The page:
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  1. #1
    The guy with no life... XD Tcll's Avatar
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    GC Melee Arcive Viewer (MAV) in development project.

    well... due to jahra!n and the other's giving up on their projects...

    I plan to start one of my own.

    Melee Archive Viewer or MAV basically does what you'd expect any archive viewer to do.
    opening the archive, viewing the data and extracting it, or editing and compiling it...
    I got the idea from BrawlBox 0.63b
    which does what I want my program to do.

    my only problem is...
    I'm still an amature Python programmer, and I need some help.

    Last edited by Tcll; February 1st, 2010 at 15:16.


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  2. #2
    The guy with no life... XD Tcll's Avatar
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    my first thing I'd like to know is well...
    how exactly do I build a module that can recognise the DAT format structure??

    I mean...
    What exactly am I looking for??
    Last edited by Tcll; February 1st, 2010 at 15:16.

  3. #3
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    hello,
    guess i'll chime in here. i have plans to get back to this format as well as the Metroid Prime and Brawl formats again soon.

    You want to look for patterns within the binary data of the files. Compare multiple files and see if there are any consistent similarities. It is often best to start with small files of the same type, and if necessary comparing against a medium to large file to see if any of those assumed consistencies can be confirmed. Header information will usually be contained at the beginning of the file so you can often make some good assumptions from the first 10s of bytes or so.

    For formats that are completely unknown you will have to start making assumptions about values within the files, then take steps to attempt to verify or deny the viability of those assumptions. Scan the file for things you can readily prove....counts of data entries, consistent placement of data patterns, etc. i.e., If you find a section with a list of string data, attempt to count the number of strings manually, then check for that count somewhere in the determined header information. The same goes for data patterns.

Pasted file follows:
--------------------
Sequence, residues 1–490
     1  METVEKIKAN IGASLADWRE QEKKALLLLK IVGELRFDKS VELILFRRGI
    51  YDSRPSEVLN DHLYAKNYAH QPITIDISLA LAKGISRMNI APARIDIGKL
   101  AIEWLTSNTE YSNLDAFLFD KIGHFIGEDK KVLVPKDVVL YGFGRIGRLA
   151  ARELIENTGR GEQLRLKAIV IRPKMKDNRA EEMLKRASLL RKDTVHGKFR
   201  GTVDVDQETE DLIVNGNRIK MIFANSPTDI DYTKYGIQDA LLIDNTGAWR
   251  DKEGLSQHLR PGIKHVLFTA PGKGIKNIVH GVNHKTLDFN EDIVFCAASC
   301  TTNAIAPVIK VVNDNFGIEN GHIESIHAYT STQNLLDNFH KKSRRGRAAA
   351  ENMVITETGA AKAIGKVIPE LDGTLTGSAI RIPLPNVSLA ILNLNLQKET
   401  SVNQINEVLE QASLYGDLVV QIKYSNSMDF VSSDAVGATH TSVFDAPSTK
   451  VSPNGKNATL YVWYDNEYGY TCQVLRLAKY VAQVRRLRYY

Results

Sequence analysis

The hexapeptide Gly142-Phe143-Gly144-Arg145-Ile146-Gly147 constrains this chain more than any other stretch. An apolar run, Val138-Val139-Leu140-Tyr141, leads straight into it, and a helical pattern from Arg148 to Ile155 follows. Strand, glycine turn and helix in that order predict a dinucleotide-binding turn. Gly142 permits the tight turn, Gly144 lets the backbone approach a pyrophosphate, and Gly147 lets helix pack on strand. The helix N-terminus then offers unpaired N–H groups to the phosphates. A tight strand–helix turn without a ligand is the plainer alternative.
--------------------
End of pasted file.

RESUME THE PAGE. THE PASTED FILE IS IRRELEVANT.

Since the file needs to be read by the game there is more than likely going to be some way for it to determine where data is located within the file. The most common way of doing this is by explicitly listing an offset somewhere withing the header or other data structures contained within the file. This is usually the biggest back and forth area when it comes to attempting to interpret the data, because given the nature of file formats you are likely to have to decide whether a file represents a count of some sort or an offset within the file. As far as offsets are concerned you have at least on piece of information right off the bat that help only slightly in validating offsets, that's the file size. If a value is larger then the possible file size, it is highly unlikely it is a valid offset (if its reasonably close, and you have suspicions the file is compressed, it could be the uncompressed size, but that's for another topic, heh). Another common thing that can help identify file offsets is the tendency for data to be stored aligned to the size of various computer data type sizes and quite often power of 2 boundaries. This is not always the case, but it can at least initially rule out a lot of values that do not fall within even numbers. 4, 8, and 16 byte alignments are quite common.

    Since the files should usually follow some sort of structured layout, once you have assumed or determined a file offset, time to see whats there. And since multiple file should follow the same or very similar structure, you should be able to find the same or similarly inclined offset in another file of the same type. Then its on to comparing the data at those locations, and the cycle repeats, with things being verified, disproved, leading to new assumptions being made, thus more verifications, and so on. Not all formats include every count or offset, and it can often be inferred from the counts that are known, and the sizes of the data itself, will have to experiment in some cases to determine the difference.

    Determining the intent of data values you find after you have exhausted offset and count validations, can be a bit tricky. Any hex editor worth using should allow for you to visually see how data at a particular offset is/would be interpreted when assumed to be various data types (bytes, shorts, longs, floats, doubles, etc.), though i guess if you want you could always work it out by hand or in your head if you mind works that way, heh. Having an idea of the type of data you are looking for and how it may or should be structured can be very helpful here. in particular for this case, the gamecube/wii has a very particularly way of receiving its data for rendering, and may be something you want to look into should you be inclined to look into more games on these systems.